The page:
Photo Credit: Robyn Lang (c). Used with permission.
Apologies that this post is a little late. It has been a bit of a difficult week. My husband started a new job that has a lot more hours and travel time involved. Whilst this is something that we have both been hoping for, it has called for some big changes in how we organise our days and in particular who is looking after Yitzhak and when. So far the dust hasn’t really settled yet. Right now I have that knotty feeling in my stomach that not enough of anything is getting done and it’s taking all my strength just to try and stay present and breath.
So that’s enough of an update.
I wanted to write about money. I have been listening to the podcast Budgets and Cents with Cait Flanders and Carrie Smith and also checking out Cait Flanders (formerly known as “Blonde on a Budget”)’s blog.
On the blog and in the podcast, Cait raises some really interesting questions about what money means to us in our lives. In particular, what spending means in our lives.
For me this has really been an opportunity to confront some of my issues in this area and unfortunately, it’s just not pretty.
In my family, money seemed to grow somewhere in the backyard behind the bird’s bath. Whilst, especially in my younger childhood, I was aware of times when money was tighter, by the time I was older, money seemed to be something we had and could use whenever the need or desire was pressing enough. If I could characterise the spending ethos in our home it was something like, if you need it, you should buy it. Whilst my parents generally seemed to focus on buying only that which they needed, “need” could be pretty loosely defined and included things like “needing” to go out to dinner to celebrate. They also instilled in me the value of good taste and the idea that it’s better to spend more and buy one item that will last a long time and serve you well, than to buy a cheap version that will invariably have to be replaced. We didn’t seem to spend much time doing consumer research and it didn’t seem like we needed to. This is in no way intended to knock my parents spending style, some of my happiest memories with my parents were in restaurants enjoying luxurious food or going “luxury shopping” at the local mall.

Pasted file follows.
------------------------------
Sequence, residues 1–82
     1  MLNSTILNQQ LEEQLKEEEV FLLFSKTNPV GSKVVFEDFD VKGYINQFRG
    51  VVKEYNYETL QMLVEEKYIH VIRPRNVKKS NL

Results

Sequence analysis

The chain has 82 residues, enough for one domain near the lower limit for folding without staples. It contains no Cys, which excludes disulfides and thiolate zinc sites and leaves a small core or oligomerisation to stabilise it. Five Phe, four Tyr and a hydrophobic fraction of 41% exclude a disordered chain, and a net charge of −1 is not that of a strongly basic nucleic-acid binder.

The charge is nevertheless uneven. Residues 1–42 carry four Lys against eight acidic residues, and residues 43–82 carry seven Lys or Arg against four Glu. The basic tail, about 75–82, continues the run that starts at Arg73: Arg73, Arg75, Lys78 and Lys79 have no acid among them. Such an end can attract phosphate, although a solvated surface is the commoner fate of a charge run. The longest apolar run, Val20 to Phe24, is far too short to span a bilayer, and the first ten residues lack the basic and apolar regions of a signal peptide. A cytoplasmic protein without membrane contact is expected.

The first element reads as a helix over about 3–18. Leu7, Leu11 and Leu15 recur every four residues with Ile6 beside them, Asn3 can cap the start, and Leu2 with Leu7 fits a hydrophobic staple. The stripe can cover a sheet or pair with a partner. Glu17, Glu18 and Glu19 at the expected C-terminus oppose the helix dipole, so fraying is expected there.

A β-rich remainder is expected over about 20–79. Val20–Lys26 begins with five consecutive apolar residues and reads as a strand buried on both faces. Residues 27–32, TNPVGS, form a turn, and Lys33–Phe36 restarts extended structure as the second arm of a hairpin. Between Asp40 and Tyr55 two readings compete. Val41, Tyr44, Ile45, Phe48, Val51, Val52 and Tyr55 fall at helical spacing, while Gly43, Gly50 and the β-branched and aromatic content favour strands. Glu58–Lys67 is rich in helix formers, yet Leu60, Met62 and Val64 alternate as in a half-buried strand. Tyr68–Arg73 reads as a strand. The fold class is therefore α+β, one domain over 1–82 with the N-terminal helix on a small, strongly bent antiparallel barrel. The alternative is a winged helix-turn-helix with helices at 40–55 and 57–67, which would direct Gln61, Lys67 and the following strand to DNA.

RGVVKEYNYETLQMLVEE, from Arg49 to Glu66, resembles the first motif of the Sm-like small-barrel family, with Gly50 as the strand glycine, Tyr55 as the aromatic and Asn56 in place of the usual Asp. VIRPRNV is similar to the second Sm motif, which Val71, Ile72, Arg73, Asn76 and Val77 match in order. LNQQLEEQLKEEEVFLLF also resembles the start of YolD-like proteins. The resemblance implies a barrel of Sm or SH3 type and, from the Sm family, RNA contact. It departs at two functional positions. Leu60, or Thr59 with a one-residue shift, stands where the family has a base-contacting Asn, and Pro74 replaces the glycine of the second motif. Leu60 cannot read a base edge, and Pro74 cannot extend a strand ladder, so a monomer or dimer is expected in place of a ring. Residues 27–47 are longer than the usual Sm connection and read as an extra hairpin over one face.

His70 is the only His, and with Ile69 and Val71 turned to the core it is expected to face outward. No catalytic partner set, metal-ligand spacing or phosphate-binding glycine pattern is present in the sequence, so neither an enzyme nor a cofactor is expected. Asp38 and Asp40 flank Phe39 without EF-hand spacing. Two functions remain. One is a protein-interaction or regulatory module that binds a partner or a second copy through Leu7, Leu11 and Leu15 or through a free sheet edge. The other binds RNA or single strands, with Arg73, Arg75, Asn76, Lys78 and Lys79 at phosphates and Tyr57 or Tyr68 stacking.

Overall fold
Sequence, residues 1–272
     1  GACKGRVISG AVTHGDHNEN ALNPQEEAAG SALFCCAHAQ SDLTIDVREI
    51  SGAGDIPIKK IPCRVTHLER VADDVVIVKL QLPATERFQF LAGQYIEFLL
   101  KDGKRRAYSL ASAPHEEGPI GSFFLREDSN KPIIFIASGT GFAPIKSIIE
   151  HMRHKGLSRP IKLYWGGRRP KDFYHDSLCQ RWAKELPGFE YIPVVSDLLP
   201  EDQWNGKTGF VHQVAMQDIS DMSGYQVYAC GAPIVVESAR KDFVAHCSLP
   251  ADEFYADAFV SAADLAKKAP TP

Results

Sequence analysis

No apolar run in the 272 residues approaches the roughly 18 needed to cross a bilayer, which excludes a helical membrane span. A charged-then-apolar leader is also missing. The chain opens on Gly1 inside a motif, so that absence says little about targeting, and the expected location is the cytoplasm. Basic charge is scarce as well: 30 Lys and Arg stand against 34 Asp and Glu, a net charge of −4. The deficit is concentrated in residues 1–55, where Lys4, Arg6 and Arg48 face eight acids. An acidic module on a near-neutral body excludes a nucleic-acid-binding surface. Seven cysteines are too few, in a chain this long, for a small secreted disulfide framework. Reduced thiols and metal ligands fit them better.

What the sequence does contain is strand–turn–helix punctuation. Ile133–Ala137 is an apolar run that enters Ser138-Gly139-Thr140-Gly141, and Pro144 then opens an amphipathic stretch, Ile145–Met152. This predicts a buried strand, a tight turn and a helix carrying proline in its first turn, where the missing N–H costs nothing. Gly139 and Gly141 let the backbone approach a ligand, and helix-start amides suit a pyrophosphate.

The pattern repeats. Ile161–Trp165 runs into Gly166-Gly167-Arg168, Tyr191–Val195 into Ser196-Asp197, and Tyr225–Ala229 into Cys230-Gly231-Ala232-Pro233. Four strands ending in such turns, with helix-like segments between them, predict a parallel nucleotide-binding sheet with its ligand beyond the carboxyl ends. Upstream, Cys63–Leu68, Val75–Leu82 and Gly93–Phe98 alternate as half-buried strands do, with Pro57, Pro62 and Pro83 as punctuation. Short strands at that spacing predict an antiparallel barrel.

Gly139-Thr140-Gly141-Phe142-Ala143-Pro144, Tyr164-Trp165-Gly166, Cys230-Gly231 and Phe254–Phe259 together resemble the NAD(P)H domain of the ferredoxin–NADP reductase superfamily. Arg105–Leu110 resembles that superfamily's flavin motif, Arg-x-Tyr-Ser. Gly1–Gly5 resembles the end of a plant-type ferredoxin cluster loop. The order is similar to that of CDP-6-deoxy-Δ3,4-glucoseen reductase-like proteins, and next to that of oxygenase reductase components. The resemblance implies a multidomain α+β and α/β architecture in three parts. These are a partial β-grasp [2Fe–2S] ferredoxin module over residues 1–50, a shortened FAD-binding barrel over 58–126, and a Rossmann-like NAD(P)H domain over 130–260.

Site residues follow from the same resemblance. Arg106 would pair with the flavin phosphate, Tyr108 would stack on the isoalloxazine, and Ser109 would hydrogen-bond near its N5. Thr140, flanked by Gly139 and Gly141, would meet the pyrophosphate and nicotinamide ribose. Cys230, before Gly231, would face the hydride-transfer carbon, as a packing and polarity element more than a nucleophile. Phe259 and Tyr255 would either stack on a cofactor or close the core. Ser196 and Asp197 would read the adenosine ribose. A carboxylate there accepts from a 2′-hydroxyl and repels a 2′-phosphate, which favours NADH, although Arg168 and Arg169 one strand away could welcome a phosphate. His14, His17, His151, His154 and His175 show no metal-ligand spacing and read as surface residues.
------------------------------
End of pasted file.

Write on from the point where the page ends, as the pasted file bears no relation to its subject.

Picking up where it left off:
Working in politics, I took this and ran with it. I remember always having a lot of disposable income for whatever I “needed.” What I needed was new designer clothes, petrol for my car, heaps of restaurant or take-out food (I had no time to cook, and besides, there were friends to be won and people to be influenced at the various bars, restaurants and haunts of the Party), rental properties in inner city neighbourhoods, and literally hundreds – if not thousands – of dollars worth of alcohol.. But whenever something happened, like the car insurance was due when I wasn’t expecting it (and I was never expecting it) or I crashed my car (as happened more than once if I remember correctly) – I never had money on hand to deal with it. It was like it had all disappeared.
These days, my financial life couldn’t be more different. The simple fact is, that I am by choice neither a minimalist or frugal, although these are cute labels to help me feel a little more trendy. The fact is that we don’t have a tonne of money. We live in a pretty small place – although as I find out when I listen to American podcasts, “small” is a very relative thing and by some definitions our home is tiny. Luxurious dinners out are distant memories, clothing purchases are always guilty occasions and it seems that because of our budget and the high costs here, everything I buy is so poor quality that it just doesn’t last or look good for more than a few months. We eat a frugal, vegan diet. We often go without things that I didn’t even know it was possible to go without – like moisturising lotion and snack foods. We are absolute pros at making a delicious and interesting range of foods from dried beans, chickpeas and lentils.